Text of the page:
Looking Towards the Future with Mobile

Content From: Jeremy Vanderlan, AIDS.gov Technical Deputy, and Michelle Samplin-Salgado, AIDS.gov New Media StrategistPublished: January 19, 20103 min read


In the past week, text messaging to raise funds for earthquake relief in Haiti demonstrated the potential of mobile phones to offer simple solutions to help those in need. The emergence of smart phonesExit Disclaimer , mapping technologyExit Disclaimer and mobile applicationsExit Disclaimer has dramatically increased mobile use — a recent poll from the Pew Internet and American Life Project found that 83% of adults surveyed have some type of cell phoneExit Disclaimer . At HIV.gov, we asked ourselves what we should be doing to integrate mobile technology into our work on public health, HIV/AIDS, and new media. I recently attended the Gov Goes Mobile workshop, gave a presentation on some of our work at HIV.gov, and heard take-away messages from leaders in the field.

Because mobile is so popular (as we’ve mentioned in previous posts), it is tempting to jump in with both feet to try and create a mobile applicationExit Disclaimer . At HIV.gov, it’s all about content and so we are working to build a mobile presence incrementally.

Our existing mobile features at HIV.gov include the KNOWIT (566948) code that allows mobile users to text their ZIP code and receive the location of the closest HIV testing site . Many of the social network sites that we participate in, such as TwitterExit Disclaimer and FacebookExit Disclaimer , include mobile features — which means that some HIV.gov messages can be received via smartphone applications like TweetdeckExit Disclaimer , UberTwitterExit Disclaimer , or Facebook mobileExit Disclaimer . We have also implemented mobile-specific style sheetsExit Disclaimer on the HIV.gov website that minimize or remove some of the graphic and navigational elements, to make the content more readable when the site is accessed on a mobile device.

We plan to create a mobile-specific site, with targeted content for mobile users (such as “Find an HIV Test Site”) and device detection, so that mobile users will be automatically redirected to the mobile site rather than the current HIV.gov home page. This is a common practice on major websites including CNN.comExit Disclaimer or Yahoo.comExit Disclaimer — users are directed to content and a user interface that are tailored specifically to the device they are using to access the Internet. We also plan to implement a texting “short codeExit Disclaimer” for HIV/AIDS specific information and campaign-related messaging that can be sent to a base of subscribers.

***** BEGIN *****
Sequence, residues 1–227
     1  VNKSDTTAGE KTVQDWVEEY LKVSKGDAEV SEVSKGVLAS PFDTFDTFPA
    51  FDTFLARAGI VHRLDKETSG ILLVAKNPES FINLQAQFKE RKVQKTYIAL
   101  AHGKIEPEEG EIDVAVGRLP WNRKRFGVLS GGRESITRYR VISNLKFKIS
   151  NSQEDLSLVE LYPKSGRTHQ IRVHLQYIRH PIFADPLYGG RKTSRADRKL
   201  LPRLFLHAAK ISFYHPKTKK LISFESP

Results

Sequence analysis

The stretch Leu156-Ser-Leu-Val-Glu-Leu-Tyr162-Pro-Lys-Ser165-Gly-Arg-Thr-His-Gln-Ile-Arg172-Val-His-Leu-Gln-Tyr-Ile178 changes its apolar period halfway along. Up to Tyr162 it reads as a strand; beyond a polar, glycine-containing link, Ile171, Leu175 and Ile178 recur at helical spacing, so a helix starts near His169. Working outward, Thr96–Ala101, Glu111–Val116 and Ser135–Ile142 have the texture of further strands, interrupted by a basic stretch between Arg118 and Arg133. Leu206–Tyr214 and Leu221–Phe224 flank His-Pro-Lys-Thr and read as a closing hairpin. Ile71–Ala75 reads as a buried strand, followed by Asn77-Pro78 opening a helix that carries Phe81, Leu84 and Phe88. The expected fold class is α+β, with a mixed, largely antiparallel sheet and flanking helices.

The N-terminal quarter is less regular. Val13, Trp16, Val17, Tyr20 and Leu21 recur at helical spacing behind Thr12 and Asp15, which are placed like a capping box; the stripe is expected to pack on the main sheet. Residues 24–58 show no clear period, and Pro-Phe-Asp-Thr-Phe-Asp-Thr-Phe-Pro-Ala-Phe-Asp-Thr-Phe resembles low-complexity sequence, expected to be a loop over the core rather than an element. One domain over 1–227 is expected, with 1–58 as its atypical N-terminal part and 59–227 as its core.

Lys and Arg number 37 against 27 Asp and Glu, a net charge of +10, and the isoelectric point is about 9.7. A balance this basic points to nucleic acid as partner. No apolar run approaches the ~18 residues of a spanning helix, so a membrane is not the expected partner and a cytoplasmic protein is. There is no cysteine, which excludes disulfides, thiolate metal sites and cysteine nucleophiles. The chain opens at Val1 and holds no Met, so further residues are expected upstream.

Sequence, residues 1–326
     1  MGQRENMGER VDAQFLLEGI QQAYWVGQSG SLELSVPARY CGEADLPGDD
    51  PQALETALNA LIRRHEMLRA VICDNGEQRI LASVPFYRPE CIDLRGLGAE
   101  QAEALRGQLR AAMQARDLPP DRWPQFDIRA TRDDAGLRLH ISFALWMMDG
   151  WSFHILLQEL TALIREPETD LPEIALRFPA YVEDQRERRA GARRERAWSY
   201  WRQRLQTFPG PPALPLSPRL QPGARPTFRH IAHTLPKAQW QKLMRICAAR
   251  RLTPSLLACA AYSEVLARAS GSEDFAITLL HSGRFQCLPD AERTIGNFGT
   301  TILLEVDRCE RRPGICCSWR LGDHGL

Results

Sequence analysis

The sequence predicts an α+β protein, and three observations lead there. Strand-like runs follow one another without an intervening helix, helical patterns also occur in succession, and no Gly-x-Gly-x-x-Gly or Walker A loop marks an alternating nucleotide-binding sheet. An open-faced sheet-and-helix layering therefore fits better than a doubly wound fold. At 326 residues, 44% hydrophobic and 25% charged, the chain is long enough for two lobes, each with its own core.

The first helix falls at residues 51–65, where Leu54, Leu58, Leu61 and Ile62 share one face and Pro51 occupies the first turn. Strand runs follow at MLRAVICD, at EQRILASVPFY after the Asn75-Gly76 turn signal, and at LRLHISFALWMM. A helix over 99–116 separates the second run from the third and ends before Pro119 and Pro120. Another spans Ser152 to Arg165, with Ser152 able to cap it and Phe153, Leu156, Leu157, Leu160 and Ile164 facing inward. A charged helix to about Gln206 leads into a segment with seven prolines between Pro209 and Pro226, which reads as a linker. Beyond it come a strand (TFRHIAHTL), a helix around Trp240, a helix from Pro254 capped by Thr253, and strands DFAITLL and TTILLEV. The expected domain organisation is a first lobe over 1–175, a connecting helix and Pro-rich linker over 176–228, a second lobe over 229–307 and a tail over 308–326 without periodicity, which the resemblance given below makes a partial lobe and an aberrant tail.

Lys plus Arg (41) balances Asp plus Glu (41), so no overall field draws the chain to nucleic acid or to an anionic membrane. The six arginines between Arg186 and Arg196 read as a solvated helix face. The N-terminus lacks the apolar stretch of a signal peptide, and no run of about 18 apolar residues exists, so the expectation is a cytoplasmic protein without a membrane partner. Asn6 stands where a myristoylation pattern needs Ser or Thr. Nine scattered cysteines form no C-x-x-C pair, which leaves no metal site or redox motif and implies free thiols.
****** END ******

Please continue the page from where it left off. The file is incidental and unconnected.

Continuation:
Another step for HIV.gov may be developing mobile applications for devices like the iPhone, Android, and Blackberry. For HIV.gov, these applications could provide information on where to locate HIV/AIDS services, as well real-time, HIV/AIDS-specific information. An emphasis on texting campaigns, especially centered around National HIV Testing Day and World AIDS Day, would also broaden HIV.gov’s mobile reach. Text is the most common technology available on mobile devices (it is the one feature that almost every mobile phone has), so it serves as a common denominator for disseminating information in its most basic form.

Texting is often most meaningful in service of a campaign that is either time or location specific. Again, for a powerful example of this, check out two texting campaigns the Red Cross and the Clinton Bush Haiti Fund created to help raise donations for Haiti: customers of participating wireless carriers can text “HAITI” to 90999 and make a $10 donation to support the American Red Cross Haiti relief effortsExit Disclaimer , or can text the word “QUAKE” to 20222 to donate $10 to the Clinton Bush Haiti FundExit Disclaimer , charged to your cell phone bill.

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How have you accessed HIV.gov services using your mobile phone? What kinds of services would you like to see HIV.gov provide via your mobile device? Are you familiar with any other mobile applications focused on HIV and AIDS? Let us know!